Education

After this year’s school bond failed, the Anchorage School Board is proposing a smaller one for 2023

College Gate, Gollege Gate Elementary School, aerial, aerial photo, aerial photography, aerial photos, aerials, chalk the walk, elementary school, inspiration, school, schools

The Anchorage School Board has approved a roughly $38 million bond proposal that voters will decide in 2023 after the district’s most recent one narrowly failed during the spring election cycle.

The bond would mostly fund capital projects across the district, including security improvements at several elementary schools and roof and other upgrades to various district buildings.

The proposal would be up for voter approval in the April 2023 municipal election.

Earlier this year, a $111 million bond failed, with 51% of votes cast against the proposal. The district had been proposing bonds every two years.

The newer, smaller bond proposal represents a return to yearly bonds, said the school district’s acting chief operating officer Rob Holland during an October finance committee meeting. They are “smaller bonds that are more laser-focused where we want them to be more easily packaged for public consumption.”

Following the failure of the most recent school bond, the district conducted a survey, polling 384 residents who voted in the municipal elections. Of those who said they voted no on the bond, 47% said they “thought the funds were unnecessary or used poorly,” while 20% responded “they couldn’t afford it or thought there should be less taxes,” according to the survey results.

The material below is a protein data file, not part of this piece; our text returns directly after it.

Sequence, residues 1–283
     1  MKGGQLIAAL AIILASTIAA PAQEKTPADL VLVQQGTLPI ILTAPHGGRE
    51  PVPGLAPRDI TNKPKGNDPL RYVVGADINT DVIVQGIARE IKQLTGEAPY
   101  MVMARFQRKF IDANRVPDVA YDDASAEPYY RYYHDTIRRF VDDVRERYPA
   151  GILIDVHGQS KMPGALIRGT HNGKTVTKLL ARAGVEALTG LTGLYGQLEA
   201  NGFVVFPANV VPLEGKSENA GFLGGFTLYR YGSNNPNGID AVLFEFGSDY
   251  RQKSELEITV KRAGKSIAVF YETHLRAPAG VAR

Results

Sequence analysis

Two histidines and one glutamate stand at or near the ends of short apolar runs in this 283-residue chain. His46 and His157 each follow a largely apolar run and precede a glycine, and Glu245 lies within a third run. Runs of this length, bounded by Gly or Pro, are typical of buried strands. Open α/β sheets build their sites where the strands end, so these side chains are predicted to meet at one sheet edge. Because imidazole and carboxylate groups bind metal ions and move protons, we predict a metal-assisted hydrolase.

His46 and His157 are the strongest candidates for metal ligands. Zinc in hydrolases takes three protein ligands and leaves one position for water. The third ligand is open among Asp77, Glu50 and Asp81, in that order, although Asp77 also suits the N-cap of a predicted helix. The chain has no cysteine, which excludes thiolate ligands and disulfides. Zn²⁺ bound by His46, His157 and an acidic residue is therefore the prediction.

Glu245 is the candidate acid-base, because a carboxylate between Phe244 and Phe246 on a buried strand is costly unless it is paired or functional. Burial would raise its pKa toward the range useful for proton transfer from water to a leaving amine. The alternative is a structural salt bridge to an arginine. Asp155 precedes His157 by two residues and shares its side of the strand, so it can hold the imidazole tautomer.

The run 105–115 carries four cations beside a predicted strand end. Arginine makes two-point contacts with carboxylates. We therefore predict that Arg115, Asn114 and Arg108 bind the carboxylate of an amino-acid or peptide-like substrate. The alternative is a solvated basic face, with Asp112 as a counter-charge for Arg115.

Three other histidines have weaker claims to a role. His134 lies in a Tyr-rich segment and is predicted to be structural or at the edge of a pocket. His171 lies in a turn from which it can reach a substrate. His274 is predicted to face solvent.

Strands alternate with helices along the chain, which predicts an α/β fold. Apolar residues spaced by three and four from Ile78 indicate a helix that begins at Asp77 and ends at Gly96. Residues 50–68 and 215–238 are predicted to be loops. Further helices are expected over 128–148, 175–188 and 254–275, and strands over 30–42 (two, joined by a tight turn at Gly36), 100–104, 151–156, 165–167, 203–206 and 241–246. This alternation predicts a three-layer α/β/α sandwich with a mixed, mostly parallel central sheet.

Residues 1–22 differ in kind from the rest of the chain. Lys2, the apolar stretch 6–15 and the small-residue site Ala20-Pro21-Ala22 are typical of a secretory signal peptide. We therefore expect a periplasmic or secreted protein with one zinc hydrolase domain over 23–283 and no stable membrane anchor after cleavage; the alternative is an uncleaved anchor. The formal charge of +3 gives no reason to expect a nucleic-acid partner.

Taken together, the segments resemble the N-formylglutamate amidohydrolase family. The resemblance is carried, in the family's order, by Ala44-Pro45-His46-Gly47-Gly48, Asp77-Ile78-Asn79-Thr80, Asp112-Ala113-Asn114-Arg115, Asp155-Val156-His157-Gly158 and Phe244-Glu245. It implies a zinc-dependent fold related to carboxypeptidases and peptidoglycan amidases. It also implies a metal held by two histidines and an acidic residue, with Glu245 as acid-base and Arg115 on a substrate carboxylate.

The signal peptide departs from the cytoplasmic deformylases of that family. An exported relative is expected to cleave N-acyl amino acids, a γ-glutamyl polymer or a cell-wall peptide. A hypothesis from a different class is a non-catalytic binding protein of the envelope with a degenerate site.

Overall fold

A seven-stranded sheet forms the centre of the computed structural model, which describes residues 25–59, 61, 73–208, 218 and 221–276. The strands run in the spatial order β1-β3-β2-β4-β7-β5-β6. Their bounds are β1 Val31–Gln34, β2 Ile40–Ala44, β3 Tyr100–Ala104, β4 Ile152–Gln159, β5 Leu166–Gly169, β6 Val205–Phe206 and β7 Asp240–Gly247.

“I’ve learned my lesson the hard way about requesting an overwhelming-sized bond from the voters,” school board member Dora Wilson said during the October meeting. “And I think it’s really important that we reestablished that support from the community with the next bond proposition.”

ADVERTISEMENT

[In East Anchorage, families and neighbors reckon with the potential closure of a beloved elementary school]

Of the group in the survey who voted against the bond, 32% responded that a specific project had influenced their vote.

After this year’s municipal election, some said the bond’s failure could have been influenced by disagreement over a controversial plan to rebuild Inlet View Elementary School, which accounted for around $31 million of the bond proposal earlier this year. That project was the most commonly cited in the survey results, with about 8.1% of respondents noting that project specifically.

The rebuild of Inlet View remains unfunded and could be part of a 2024 school bond, according to district officials. The school board recently allocated two-thirds of a portion of school bond debt reimbursement money from the state Legislature to various capital improvement projects across the district. There’s community pressure to spend the remaining funds on reconstructing Inlet View, and the board will consider how to spend those dollars in December.

While there may be slight fluctuations in interest rates, the district estimated the 2023 bond proposal would cost taxpayers around $8.03 per $100,000 of assessed property. But, between fiscal year 2021 and 2023, the district is also retiring $104.12 million in bonds, resulting in a roughly $11.80 decrease per $100,000 of property, meaning taxpayers would still see a $3.77 decrease if next year’s bond passes.

“We’re not doing two-year bonds anymore, we’re doing one year at a time in smaller packages that are easier to understand and digest,” Holland said. “And so as a result of that philosophy and practice going forward, you see this net reduction to taxpayers in their pockets.”

The proposition includes $10.5 million for a roof replacement and seismic upgrades at College Gate Elementary and other district buildings, $6.1 million for Bettye Davis East Anchorage High academic area safety improvements,$11.8 million for roof improvements at some elementary schools and $9.5 million for security improvements.

• • •

Morgan Krakow

Morgan Krakow is a general assignment reporter for the Anchorage Daily News. She is a 2019 graduate of the University of Oregon and spent the summer of 2019 as a reporting intern on the general assignment desk of The Washington Post. Contact her at mkrakow@adn.com.

Sponsored